Empathy is indeed a language that even the Blind can see!
The 14th of February is popularly known as Valentine’s Day. It is a day when people show their affection to others by sending cards, flowers, or chocolates with love messages to celebrate romantic love, friendship, and admiration.
Valentine’s Day is named after a Catholic Priest, Saint Valentine, who believed in the importance of love. He began to conduct marriage for soldiers in secret Christian ceremonies at a time, when Emperor Claudius 11, a pagan created strict laws about what Christians were allowed to do. Claudius believed that Roman soldiers should be completely devoted to Rome, and therefore passed a law preventing them from marrying. Eventually, Valentine’s act was found out, and he was jailed for it.
While, in prison, Valentine cared for his fellow prisoners as well as the Blind daughter of the Jailer. He was said to have cured the girl of blindness and that his final act before being executed on February 14th in the year 270 AD was to write her a love message signed ‘from your Valentine’. It was not until more than two hundred years later, that 14th of February was proclaimed St Valentine’s Day.
Keeping It Real (KIR)Foundation is a disability-inclusive organization and we advocate for and promote the rights of persons with disabilities to be included in developmental and socio-economic issues. One of the major ways we do this is through our It’s About Empathy Project which we started in 2019 to create awareness about ‘The Discrimination Against Persons with Disabilities(Prohibition) Act 2019 through a series of social experiences and Campaigns such as; ‘See Me, Not My Disability’(we had people in our team participate in activities such as crossing major roads blindfolded, walking with Guide Canes and Crutches to experience what the Blind and Mobility –Challenged go through, in order to create empathy). Our Youth employability skills training was disability-inclusive and we had Sign Language Interpreters signing for the Deaf youth. We have been running Sign Language training in our Community Centre since 2014.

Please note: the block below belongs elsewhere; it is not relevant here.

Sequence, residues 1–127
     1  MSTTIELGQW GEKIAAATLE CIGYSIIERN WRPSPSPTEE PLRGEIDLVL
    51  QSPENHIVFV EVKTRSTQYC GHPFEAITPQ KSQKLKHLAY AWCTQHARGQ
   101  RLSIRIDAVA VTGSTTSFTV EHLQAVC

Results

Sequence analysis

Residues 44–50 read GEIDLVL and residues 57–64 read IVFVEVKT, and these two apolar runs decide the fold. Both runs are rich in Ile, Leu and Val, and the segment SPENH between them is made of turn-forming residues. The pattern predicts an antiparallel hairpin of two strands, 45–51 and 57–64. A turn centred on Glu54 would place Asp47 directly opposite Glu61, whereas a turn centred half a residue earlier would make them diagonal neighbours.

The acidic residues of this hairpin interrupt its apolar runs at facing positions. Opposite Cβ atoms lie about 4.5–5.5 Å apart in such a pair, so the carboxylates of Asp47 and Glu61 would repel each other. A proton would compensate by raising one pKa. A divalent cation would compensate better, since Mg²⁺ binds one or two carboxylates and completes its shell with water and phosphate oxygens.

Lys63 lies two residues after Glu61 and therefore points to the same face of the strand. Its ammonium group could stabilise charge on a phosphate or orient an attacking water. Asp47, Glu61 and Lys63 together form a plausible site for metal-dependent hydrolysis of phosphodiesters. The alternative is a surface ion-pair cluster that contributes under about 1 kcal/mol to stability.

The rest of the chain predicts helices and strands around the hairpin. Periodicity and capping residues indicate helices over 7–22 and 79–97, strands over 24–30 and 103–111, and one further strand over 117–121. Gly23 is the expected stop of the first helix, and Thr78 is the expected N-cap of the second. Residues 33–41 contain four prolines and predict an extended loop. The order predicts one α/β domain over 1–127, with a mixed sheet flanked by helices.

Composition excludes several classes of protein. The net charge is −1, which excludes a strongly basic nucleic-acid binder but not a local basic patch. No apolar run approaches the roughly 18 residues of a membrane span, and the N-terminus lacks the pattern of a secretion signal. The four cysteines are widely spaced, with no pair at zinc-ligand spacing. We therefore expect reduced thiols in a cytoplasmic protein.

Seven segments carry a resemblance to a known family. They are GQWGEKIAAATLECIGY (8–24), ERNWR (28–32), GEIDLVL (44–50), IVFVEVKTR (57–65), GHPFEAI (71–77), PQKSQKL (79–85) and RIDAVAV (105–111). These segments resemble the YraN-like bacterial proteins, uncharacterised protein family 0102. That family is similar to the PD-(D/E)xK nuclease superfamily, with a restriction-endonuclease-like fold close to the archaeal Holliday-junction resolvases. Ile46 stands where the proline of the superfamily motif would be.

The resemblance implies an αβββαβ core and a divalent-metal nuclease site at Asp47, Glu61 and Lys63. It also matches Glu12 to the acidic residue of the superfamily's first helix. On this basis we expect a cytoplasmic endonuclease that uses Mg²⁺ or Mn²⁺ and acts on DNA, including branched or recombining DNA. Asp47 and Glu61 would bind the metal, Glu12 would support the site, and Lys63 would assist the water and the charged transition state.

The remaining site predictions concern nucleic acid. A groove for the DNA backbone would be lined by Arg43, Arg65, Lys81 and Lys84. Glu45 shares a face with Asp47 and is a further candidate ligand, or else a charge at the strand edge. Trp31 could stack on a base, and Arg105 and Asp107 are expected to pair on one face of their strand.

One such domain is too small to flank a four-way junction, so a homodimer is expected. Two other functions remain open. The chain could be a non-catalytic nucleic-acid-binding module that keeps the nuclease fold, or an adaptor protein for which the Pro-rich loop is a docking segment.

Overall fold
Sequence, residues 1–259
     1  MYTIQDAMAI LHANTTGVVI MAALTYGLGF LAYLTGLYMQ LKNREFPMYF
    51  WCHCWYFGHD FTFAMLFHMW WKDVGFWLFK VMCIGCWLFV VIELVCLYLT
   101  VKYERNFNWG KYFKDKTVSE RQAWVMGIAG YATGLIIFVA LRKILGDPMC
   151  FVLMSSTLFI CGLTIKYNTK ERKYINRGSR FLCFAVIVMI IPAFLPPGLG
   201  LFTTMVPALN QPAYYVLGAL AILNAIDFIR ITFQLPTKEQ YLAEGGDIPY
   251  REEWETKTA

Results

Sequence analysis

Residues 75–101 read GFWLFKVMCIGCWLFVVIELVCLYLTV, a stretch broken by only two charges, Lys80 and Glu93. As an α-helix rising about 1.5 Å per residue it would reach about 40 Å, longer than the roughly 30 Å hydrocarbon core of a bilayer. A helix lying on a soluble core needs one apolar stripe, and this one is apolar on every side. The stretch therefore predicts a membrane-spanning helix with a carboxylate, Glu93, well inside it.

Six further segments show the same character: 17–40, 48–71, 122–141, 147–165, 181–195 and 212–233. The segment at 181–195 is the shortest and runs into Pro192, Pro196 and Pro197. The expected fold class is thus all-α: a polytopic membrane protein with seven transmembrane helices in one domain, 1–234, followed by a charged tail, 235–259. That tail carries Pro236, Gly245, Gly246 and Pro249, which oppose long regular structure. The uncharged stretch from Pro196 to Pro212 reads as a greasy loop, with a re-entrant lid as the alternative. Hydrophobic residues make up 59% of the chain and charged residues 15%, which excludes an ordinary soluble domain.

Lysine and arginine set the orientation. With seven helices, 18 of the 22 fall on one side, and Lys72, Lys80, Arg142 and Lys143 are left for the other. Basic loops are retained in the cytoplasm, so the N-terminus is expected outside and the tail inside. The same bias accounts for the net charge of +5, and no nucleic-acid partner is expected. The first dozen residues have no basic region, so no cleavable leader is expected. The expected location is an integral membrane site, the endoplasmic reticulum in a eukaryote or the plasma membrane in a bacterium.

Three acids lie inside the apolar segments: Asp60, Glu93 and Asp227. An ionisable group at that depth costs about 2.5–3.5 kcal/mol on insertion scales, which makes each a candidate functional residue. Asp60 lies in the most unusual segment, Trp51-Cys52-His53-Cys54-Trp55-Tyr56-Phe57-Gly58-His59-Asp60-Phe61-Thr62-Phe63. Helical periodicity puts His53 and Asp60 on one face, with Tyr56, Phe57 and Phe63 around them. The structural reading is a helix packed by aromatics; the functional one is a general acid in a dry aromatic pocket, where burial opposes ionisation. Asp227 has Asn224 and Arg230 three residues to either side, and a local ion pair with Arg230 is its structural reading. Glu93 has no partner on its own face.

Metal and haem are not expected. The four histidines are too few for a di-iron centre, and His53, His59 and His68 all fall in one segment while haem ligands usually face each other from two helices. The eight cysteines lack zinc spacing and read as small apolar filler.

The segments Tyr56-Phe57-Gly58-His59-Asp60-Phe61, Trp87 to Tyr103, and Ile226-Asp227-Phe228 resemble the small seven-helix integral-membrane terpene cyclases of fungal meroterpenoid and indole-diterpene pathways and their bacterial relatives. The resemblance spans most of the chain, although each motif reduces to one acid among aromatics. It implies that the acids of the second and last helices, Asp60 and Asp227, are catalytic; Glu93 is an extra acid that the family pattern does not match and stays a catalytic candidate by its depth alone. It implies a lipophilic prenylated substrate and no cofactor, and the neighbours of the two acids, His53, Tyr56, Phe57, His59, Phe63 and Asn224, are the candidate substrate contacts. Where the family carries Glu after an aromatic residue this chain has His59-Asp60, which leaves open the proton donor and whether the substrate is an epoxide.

Also, we published an Explanatory Guide to the Disability Act, “It’s About Empathy,” because we believe empathy will foster a disability-inclusive society more than any Act or Law. Then, in December 2019, we hosted ‘Dinner in the Dark’, an experiential dinner. We invited our Donors to dinner and asked them to pay for one or two of our beneficiaries who are blind or mobility-challenged and have dinner with them blindfolded. The idea was to give our Donors a glimpse of what it feels like to be blind. They had to walk with Guide canes, taste food and tell us what they were eating, and all these were done blindfolded. The experience evoked compassion, empathy, and respect for our beneficiaries with disabilities. Most importantly, it promoted disability inclusion and created awareness about the Disability Act!
In August, last year, we had a team bonding session and decided to have ‘Breakfast in the Dark.’ Our special guest was Ruth Nwa-Jesus, our visually- impaired volunteer who guided us through the experience of having breakfast blindfolded. We enjoyed the experience so much that this year we decided that the best way to celebrate Valentine’s Day was to host another Breakfast in the Dark! So, on the 14th of February, we extended invitations to some of our volunteers like Pious Sylva (our Blind Volunteer Music Artist), Prince Kufre and his team of blind artists, and our volunteers without disabilities. Indeed; It was beyond Breakfast in the Dark. It was a time to share love, foster empathy and promote disability inclusion. If you want to know what the Blind go through while performing mundane tasks like eating, walking, and dressing up in complete darkness, try this social experience!
Breakfast in the Dark was more than Breakfast, it was an indelible experience for all of us! We danced to Pious’ inspirational new music release; ‘Be My Eyes’; which promotes disability inclusion, while performing the following tasks; tying and untying shoelaces, walking with a Guide cane, preparing tea, eating our snacks, which were all done blindfolded! We worked together to overcome the challenges of being blindfolded, like not pouring hot water on ourselves, tripping over something, breaking our mugs, and figuring out how to drink hot cups of beverage.
It was a life-changing experience for everyone, especially for our guest Etulan, Pious’ sighted friend who had to untie and tie her shoelaces blindfolded. She admitted that the simple; task that she did every day without thinking was quite challenging when she had to do it blindfolded. John Best one of our sighted volunteers said the experience stirred in him deep empathy for persons with disabilities.